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Report: Grand jury finds 'disturbing practices' in Rockbridge Child Protective Services

Rockbridge Area Department of Social Services (Photo: Google Maps)
Rockbridge Area Department of Social Services (Photo: Google Maps)
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ROCKBRIDGE Co., Va. (WSET) - The court has unsealed a report from the grand jury on the investigation into the Rockbridge County Department of Social Services.

The grand jury was formed on September 28, 2016 to "investigate and report on any condition that involves or tends to promote criminal activity" in the Child Protective Services branch of the department.

The grand jury determined that there is not enough clear evidence of criminal activity.

According to the report, the grand jury made the decision after seven months of work, 12 witness testimonies, and over 1,000 pages of transcripts from "individuals knowledgeable of the Department of Social Services."

While the jury said there was not enough evidence of criminal activity, the report says they found "many highly disturbing practices and activities" with Child Protective Services.

"Deficiencies in the agency and personnel created an environment which is not conducive for workers to properly respond to requests from members of the community which could have created or exacerbated conditions and situations dangerous to children. The CPS of RDSS failed in its primary mission to our community, that of protecting the safety and well-being of our most vulnerable population: the children of the Rockbridge, Lexington, and Buena Vista area," the report says.

The grand jury found the department did not have a system of checks and balances in place.

According to the report, law enforcement asked for a Quality Management Review in 2015 after the supervisor of the department, Brenda Perry, was uncooperative over "several instances."

The report says the review came after the death of an infant in 2013 and says the regional director, Susan Reese, did not respond to the request for the review in a timely manner after the review was authorized in January 2016.

"Perhaps if the Quality Management Review had been performed in 2015 as requested, an incidence of child abuse which lead to criminal prosecution may have been avoided and the death of another infant in April 2016 may have been prevented," the report says.

According to the grand jury, the board of directors for the department appeared to take a "hands-off approach to CPS, even when contacted by case workers who had concerns."

The grand jury determined the board did not have written guidelines or procedures to follow, or any formal training for new members.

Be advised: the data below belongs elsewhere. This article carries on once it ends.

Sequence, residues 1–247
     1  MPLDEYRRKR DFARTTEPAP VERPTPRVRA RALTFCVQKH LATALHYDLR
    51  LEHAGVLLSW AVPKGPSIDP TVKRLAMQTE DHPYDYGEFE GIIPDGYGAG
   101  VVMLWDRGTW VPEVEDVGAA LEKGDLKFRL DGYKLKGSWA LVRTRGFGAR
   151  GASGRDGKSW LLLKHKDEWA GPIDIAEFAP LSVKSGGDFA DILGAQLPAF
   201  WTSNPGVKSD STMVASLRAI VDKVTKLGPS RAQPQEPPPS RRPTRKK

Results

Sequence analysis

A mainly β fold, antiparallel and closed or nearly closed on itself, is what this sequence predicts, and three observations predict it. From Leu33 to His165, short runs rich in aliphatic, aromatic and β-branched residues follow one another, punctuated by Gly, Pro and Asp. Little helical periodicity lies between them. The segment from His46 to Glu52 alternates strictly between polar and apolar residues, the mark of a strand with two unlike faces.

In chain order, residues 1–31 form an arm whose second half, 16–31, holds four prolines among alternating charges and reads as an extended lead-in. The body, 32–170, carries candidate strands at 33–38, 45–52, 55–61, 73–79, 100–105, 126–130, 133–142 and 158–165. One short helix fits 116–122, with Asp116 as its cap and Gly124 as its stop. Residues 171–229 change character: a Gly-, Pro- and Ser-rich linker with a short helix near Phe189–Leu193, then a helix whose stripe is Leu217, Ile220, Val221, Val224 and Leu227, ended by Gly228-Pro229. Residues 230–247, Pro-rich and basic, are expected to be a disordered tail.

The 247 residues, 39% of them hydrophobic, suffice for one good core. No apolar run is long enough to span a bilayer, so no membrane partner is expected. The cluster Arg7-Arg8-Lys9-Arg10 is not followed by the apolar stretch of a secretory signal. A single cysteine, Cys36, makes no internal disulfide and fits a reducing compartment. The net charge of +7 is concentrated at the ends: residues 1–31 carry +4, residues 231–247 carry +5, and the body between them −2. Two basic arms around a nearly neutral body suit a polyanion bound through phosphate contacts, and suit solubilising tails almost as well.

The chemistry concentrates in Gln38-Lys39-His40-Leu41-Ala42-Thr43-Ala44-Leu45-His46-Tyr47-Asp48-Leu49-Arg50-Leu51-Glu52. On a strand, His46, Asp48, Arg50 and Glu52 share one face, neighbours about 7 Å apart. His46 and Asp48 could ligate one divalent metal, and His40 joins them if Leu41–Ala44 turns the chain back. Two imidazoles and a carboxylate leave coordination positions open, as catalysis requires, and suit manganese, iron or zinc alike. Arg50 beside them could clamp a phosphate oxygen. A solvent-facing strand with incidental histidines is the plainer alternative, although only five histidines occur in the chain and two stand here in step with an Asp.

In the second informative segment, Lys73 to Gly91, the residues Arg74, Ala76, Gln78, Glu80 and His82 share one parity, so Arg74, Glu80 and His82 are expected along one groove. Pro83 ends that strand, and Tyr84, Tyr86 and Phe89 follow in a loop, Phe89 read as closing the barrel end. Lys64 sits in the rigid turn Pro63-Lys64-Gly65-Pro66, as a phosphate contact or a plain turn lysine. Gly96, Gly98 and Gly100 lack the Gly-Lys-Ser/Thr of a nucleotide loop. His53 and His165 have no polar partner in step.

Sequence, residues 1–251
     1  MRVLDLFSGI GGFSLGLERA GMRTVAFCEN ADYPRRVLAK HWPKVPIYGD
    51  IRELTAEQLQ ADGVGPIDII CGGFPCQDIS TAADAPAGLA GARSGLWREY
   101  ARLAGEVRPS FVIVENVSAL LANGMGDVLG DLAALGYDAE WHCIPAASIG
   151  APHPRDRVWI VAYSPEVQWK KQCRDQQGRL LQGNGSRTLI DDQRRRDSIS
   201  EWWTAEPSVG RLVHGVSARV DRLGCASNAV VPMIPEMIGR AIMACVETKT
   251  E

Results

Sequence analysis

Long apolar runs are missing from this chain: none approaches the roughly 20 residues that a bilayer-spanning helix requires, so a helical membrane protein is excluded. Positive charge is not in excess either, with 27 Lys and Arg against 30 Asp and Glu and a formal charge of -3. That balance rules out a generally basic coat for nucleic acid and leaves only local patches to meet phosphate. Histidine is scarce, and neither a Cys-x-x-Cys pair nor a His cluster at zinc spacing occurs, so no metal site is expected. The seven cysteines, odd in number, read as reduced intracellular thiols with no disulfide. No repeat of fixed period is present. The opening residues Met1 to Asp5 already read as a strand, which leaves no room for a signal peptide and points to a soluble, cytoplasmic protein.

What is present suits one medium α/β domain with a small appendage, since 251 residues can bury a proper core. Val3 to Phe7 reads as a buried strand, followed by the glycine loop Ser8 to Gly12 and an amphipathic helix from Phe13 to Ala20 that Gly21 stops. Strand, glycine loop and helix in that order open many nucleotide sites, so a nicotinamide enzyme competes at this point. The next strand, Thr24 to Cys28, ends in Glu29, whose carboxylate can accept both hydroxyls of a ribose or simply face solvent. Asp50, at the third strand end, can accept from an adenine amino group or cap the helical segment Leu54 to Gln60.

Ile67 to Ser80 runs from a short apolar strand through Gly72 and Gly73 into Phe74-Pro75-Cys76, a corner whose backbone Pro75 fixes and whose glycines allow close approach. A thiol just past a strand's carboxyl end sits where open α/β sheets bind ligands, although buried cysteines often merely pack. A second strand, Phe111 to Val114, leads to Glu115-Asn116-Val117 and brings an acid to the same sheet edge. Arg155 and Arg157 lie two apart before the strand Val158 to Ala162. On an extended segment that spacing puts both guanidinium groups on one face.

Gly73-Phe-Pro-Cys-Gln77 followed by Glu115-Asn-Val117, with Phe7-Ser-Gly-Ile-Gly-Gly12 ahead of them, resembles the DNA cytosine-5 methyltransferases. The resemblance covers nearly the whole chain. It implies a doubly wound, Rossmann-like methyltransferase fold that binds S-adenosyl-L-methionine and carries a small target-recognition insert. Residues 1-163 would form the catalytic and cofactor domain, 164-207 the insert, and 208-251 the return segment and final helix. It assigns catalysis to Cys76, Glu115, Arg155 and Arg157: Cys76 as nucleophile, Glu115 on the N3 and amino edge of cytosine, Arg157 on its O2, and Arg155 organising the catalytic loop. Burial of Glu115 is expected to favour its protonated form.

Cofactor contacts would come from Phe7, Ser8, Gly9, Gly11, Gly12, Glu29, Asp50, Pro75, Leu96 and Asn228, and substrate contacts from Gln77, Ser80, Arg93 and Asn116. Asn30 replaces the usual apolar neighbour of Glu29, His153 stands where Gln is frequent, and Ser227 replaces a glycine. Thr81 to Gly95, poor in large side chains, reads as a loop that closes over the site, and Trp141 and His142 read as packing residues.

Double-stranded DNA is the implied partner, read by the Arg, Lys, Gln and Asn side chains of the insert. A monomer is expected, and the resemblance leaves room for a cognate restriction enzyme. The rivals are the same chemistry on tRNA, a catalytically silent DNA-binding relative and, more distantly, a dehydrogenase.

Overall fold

The investigation revealed the evaluations for director Meredith Downey had the highest ratings and "seemed to be the exact same rating year over year."

Another thing uncovered by the investigation was the lack of performance reviews for Child Protective Services employees. According to the report, the grand jury couldn't find evidence of any regular, or periodic, reviews of staff.

The Quality Management Review and testimony from CPS workers revealed that workers received little mandated training. Workers said their requests for ongoing training was denied.

"Sworn testimony from several CPS workers indicated a level of concern that things in the department were not being done properly," the report reads. Workers testified their supervisor, Brenda Perry, would tell them not to write up reports.

The report says that during a case of child abuse and neglect, a CPS worker asked why the case hadn't been filed properly, and Perry responded "we don't do it that way or don't want it that way because that's the way I want."

According to the report, Child Protective Service workers were told not to "work with the law."

In the case of Charlee Marie Faith Ford, a four-month-old, who died in April 2016, the grand jury found that CPS gave law enforcement the runaround, and did not release their records on the child until May 3, 2016.

Law enforcement says they found evidence of drug use in the Ford's home.

According to the report, CPS had listed the Ford case as a low risk assessment, which it says was inaccurate.

"Had CPS worker Wade Cress accurately completed the assessment, and CPS director Brenda Perry not required a delay on the case...., the infant may have received a protective order and not been returned home," the report reads.

The special grand jury has the following recommendations for the department:

  • Immediate and open communication between Child Protective Services employees and the DSS.
  • The DSS should implement a system of checks and balances.
  • The CPS supervisor should provide staff with a checklist of all things to be done in an investigation.
  • A similar system to 911 should be implemented for a year to make sure all cases are entered into the state-wide system.
  • There should be a plan for corrective action if an employee is failing to meet their requirements.
  • Performance reviews should be written on an annual basis.

According to the report, the grand jury was "frustrated that there did not appear to be a criminal statue that would be directly applicable to the behavior that occurred at the RADSS."

"A group of policymakers, legal professionals, and practitioners should be convened in work in concert to draft legislation creating criminal penalties and consequences dealing with the kind of negligence and dereliction of duties by employees uncovered by the special grand jury's investigation," the report concludes.

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